The Rationalist has been asking to read them for quite some time, but they are just out of his assigned reading level for his accelerated reader program at school. Mainly, I was trying to make him wait until he was a bit older. From what I have heard, the last few books are a lot darker and have more general peril in them. I knew once he started the series that he would fly through the books in a matter of months, if not weeks, so I was hoping to let him loose on the entire enterprise once I thought he could handle all of them.
I am somewhat ambivalent about exerting a measured amount of censorship over what our children read. When I was a child, I was an advanced reader. By third grade, I was reading my mother's pulp fiction paperbacks, most of which were wildly inappropriate for me due to the sexual and violent content. By fifth grade, I was a huge Stephen King fan.
The scarier, the more horrifying, the better.
So....I understand the urge for fantasy and horror at a young age.
On the other hand, I was exposed to many subjects at a young age that I wouldn't want my own children to be exposed to. Walking the line between implementing parental guidance and allowing breathing space for the kids is a balancing act.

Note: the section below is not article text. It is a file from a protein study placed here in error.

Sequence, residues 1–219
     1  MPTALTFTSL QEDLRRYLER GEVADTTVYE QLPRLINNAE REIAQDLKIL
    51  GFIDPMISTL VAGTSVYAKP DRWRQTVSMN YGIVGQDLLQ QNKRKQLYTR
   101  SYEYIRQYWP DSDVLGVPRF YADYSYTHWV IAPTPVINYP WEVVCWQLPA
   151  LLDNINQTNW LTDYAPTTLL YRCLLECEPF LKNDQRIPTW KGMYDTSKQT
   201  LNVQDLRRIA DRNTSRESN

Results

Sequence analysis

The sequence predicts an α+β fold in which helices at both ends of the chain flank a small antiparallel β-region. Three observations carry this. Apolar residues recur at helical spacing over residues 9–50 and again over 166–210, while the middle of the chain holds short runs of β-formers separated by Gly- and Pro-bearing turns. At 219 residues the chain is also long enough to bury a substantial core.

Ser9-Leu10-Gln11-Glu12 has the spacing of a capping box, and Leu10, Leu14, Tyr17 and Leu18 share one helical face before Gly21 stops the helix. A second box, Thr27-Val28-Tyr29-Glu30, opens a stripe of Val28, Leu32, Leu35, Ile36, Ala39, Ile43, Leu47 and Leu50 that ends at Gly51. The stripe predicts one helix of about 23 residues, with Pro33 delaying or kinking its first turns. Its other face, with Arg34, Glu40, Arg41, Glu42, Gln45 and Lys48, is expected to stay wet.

The Intuitive is ready to attack all of the R.L. Stine , Goosebumps books. I'm making him wait until 3rd grade only because I made The Rationalist wait that long. I had been turned off of the Goosebumps series when The Rationalist came home with one in first grade. The story involved a young girl become possessed by a scary mask and almost strangling her best friend to death.
Too much for a 6 year old to process.
By third grade The Rationalist landed in a classroom stocked with every Goosebumps book ever written. He'd read them all by Christmas break.
Now, I only casually keep track of what he's reading. There have been only a few instances when he has come home with a book that has been vetoed by us, usually because it has more realistic violence in it than we think he's old enough to handle. It is surprising sometimes what subjects pop up in the young juvenile section of the library.
One of the books he picked out in second grade dealt heavily with domestic abuse and had scenes depicting a woman being hit by her husband...way too heavy of a subject for an 8 year old to deal with. Usurping his choice, we made him stop reading it and find something else to meet his reading requirements.
It's becoming more complicated to figure out what is appropriate now that both of the boys are becoming more sophisticated.
The illusion of parental control I possess will probably completely evaporate over the next few years.